At this point, we could immediately see where the differences were. I know in my own work that's never easy, knowing the exact differences between our test environment, for example, and our actual production environment, at least not visually like this. But here, it was all right there for us to immediately see.
However, LifeTime goes beyond just looking at it. You can click on the module, then click on the version, and “tag” a version by adding a description and advance it to the next version. This was just as easy as the rest of the features; just click and type in a description and you're good to go. You can even go backward if needed. A good example is reverting back to an earlier version if a mistake is made.
You can also compare differences between the versions of the same module in different environments using an older feature in Service Studio, and then copy the changes back and forth between environments. This is important, for example, if you spot one little part of your system that didn't get pushed to production. Now, you just click and copy it up and you're good.
But what really impressed me was the way LifeTime can detect mismatches. For example, you might be pushing a new module from development to production, but you forgot that you have an older API for another module on the production server. Pushing the new module with the older API might result in an error. LifeTime will detect such dependency errors, and notify you of the problem before allowing the push to go through. The version number will be noted in red; then you can use the part I just mentioned about copying changes back and forth from within Service Studio.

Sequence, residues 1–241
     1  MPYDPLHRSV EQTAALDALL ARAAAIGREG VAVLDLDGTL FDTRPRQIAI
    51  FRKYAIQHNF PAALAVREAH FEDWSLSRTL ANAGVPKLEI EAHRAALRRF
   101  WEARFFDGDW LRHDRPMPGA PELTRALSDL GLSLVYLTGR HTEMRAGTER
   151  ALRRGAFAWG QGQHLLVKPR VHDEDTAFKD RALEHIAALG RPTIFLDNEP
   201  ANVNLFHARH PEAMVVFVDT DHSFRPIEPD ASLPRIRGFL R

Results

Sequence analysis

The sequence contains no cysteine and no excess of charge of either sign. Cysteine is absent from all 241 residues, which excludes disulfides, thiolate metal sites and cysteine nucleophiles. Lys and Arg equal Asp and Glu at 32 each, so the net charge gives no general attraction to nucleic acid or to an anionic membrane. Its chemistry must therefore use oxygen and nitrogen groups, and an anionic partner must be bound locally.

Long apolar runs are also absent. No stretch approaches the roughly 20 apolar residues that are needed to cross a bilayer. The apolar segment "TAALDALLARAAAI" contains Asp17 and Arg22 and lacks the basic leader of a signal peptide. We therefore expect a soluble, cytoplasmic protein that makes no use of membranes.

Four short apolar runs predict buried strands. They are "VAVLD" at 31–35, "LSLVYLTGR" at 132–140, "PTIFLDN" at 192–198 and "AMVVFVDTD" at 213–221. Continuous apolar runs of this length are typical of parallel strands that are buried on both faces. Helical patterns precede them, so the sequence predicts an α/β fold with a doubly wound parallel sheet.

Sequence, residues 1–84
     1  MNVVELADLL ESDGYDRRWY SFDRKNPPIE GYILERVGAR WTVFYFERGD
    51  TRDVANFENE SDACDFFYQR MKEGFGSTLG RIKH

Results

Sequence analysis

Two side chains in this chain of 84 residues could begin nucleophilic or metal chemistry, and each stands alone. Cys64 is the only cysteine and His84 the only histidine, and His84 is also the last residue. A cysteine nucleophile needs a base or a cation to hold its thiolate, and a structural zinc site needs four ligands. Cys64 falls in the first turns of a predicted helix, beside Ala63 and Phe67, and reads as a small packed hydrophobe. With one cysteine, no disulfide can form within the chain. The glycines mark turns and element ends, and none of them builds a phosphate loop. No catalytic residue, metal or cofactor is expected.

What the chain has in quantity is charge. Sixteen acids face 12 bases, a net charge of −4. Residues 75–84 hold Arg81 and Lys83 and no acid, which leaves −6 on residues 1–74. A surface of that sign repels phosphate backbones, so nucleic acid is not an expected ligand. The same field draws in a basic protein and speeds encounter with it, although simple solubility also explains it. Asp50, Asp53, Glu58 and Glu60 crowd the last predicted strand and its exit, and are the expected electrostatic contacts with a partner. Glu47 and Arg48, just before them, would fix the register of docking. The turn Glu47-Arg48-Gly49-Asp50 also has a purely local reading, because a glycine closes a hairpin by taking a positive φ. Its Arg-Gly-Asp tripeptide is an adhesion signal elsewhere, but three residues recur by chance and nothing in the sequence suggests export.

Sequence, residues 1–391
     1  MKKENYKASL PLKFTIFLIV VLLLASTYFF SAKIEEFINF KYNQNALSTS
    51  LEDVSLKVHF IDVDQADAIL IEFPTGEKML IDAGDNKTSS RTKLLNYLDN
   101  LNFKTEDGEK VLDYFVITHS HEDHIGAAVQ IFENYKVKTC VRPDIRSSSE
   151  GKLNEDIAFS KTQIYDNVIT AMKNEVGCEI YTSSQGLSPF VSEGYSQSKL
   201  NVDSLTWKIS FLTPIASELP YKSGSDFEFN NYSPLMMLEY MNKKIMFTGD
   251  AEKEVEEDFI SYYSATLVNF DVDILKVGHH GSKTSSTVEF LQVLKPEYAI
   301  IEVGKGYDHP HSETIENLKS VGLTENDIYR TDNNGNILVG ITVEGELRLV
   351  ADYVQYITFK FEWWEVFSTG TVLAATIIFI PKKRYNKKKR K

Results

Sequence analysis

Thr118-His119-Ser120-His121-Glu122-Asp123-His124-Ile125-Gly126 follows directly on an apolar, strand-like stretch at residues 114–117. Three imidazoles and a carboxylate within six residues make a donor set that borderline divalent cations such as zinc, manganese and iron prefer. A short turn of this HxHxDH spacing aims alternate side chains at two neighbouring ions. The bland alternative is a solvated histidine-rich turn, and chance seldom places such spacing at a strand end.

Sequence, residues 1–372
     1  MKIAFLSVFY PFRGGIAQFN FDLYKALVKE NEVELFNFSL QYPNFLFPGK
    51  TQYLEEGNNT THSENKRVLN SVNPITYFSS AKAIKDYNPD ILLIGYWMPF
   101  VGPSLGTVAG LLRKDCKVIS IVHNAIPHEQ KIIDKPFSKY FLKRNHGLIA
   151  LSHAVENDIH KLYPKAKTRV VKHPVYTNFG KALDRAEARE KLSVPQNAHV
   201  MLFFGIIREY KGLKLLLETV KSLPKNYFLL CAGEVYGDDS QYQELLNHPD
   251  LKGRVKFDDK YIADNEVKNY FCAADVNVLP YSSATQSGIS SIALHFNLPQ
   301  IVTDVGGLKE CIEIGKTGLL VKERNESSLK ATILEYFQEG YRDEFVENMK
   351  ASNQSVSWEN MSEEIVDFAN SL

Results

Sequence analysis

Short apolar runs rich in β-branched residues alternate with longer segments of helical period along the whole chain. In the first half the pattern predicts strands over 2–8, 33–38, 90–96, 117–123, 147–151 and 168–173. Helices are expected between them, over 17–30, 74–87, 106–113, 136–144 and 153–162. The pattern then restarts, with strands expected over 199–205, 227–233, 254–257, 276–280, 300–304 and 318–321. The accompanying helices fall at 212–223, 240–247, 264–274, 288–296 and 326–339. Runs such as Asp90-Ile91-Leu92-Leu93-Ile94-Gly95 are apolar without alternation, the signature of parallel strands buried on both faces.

So how does this help you as a developer?
Suppose you're ready to push version 3.0 of your product to production. You can easily see that the Test environment has 3.0 of the applications and modules that have been revised, with earlier versions for those applications and modules that haven't changed for the 3.0 release.
You can see side-by-side exactly which applications and modules in the production environment haven't been upgraded to 3.0. You can pick the features you're ready to push forward and click Deploy. But before it will actually accept the deployment, it will detect any errors and incompatibilities between the versions of your modules so you can fix those problems before deploying.
When we tried this, we saw an error message that an API in another module had changed, and the only way we can successfully deploy is to also deploy that API. In other words, we know what we need to do to deploy to production without breaking it. If we just deployed the first module, our system would have broken. As a developer with 25 years of experience, I can't say how many times I've seen this problem, and now with LifeTime, I won't have to worry about it.
I highly recommend this product.